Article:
Avatar Talk Reaching Kickstarter Goal to Fund Mini-Movie in Just 90 Minutes & 'Avatar Country' Album

Johan Carlen

Swedish theatrical rockers Avatar really went all in on their seventh album, Avatar Country, which eOne released earlier in 2018. The band described its second consecutive concept album as “a love letter to everything metal” when we spoke to frontman Johannes Eckerstrom in January. And while Avatar has released three videos from the album directed by longtime collaborator Johan Carlen, it had bigger plans: delivering a film that further fleshes out the concept: “A story about the battle for Avatar Country's survival, the prophecy of the forming of the band and the legend of the resurrection of the king,” according to Eckerstrom.

The band established a Kickstarter campaign with a lofty goal of $50,000 to make the “featurette” Avatar Country. It reached that goal in just 90 minutes, according to eOne. At press time, Avatar has more than tripled its goal and there are still three days left in the campaign. We reached out to Eckerstrom to discuss crowdfunding, the featurette, the band’s vision and how Avatar will expand the project now that it has far surpassed its original Kickstarter goal.

When you last spoke to Billboardyou discussed the band’s vision. When did Avatar get the idea to expand Avatar Country from several videos to a film?

The idea came along as early as during the writing of the music, and the first treatment was finished before we even started to mix the album. It was all dependent on what we thought was possible in terms of time needed and budget. The dream was the featurette, but the hard-set goal was the multiple-video approach. But the step between those two things aren’t as huge as one would think. It is still a music film, just with a bit more glue between the parts and meat on its bones.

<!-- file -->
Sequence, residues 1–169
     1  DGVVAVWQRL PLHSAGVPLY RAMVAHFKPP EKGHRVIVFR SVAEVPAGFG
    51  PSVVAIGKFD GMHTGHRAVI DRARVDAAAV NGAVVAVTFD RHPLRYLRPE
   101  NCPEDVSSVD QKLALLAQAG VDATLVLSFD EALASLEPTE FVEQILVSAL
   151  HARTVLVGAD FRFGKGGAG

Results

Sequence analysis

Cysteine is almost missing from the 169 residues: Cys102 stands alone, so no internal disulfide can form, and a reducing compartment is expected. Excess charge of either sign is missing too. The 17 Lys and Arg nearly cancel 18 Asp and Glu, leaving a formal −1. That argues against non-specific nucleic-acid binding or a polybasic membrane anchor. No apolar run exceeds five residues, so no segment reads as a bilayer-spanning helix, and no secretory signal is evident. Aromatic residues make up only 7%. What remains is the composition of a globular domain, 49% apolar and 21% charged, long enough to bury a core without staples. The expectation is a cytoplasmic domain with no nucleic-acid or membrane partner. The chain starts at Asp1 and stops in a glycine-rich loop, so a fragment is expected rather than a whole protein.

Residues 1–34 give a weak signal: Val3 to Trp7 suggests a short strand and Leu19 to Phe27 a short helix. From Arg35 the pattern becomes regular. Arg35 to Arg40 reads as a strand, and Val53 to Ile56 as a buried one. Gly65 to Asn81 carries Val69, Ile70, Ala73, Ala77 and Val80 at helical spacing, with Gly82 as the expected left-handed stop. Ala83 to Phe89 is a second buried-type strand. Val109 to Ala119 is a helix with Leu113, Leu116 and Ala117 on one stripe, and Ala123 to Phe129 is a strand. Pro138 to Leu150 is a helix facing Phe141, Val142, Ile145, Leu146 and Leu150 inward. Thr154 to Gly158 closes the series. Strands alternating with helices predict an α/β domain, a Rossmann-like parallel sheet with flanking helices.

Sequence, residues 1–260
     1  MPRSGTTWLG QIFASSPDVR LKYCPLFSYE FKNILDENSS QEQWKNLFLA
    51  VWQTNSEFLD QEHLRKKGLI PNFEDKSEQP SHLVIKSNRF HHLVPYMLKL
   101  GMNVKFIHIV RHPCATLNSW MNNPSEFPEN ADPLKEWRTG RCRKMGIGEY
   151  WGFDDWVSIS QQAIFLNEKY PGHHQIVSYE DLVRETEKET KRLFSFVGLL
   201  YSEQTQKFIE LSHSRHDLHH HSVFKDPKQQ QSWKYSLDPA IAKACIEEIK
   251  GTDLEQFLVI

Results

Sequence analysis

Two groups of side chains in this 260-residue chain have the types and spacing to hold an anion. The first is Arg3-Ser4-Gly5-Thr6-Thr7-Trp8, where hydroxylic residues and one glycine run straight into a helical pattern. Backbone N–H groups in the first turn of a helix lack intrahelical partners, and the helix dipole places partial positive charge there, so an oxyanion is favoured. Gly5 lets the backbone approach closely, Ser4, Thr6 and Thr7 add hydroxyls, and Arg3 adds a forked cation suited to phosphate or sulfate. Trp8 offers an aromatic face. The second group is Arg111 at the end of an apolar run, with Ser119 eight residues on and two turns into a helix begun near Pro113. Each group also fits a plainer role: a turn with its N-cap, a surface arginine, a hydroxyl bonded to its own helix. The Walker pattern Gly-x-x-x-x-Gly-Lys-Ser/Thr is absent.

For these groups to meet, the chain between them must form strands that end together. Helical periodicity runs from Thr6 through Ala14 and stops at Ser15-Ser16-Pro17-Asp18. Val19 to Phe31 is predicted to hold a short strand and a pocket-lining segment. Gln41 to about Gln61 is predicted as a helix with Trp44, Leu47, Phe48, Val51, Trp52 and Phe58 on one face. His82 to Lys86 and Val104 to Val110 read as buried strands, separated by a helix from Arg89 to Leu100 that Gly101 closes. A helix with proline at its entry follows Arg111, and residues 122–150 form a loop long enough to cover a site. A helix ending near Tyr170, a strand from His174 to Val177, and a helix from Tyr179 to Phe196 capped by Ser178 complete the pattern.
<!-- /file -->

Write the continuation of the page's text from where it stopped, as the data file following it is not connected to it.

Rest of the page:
Were you confident that you would meet your Kickstarter goal?

Yes and no. We wouldn’t have launched the campaign if we didn’t think we could make it, but all confidence left my body the second we posted it. I felt very vulnerable the first couple of hours. It is hard to explain, but there was a lot of second guessing [about] what asking people to pledge money really meant. It is incredibly important to me to be honest to our audience and true to my own values, and every decision involving other people's money requires some healthy self-doubt.

You funded significantly more than your goal. In what ways has the production expanded from the initial $50,000?

Fifty thousand dollars was the safe minimum amount for us to know that, by hook or by crook, we would pull this off. As we have exceeded that amount, we are now rest assured that we won't need to compromise with anything. Any shortcomings left are to be blamed on our own lack of ability. One of my favorite things is that the videos already made will get a bit of a George Lucas treatment (WHAT DOES THIS MEAN) for their inclusion in the film. We will of course not touch the versions already online though.

How long was it before the most expensive and limited-edition premiums were filled?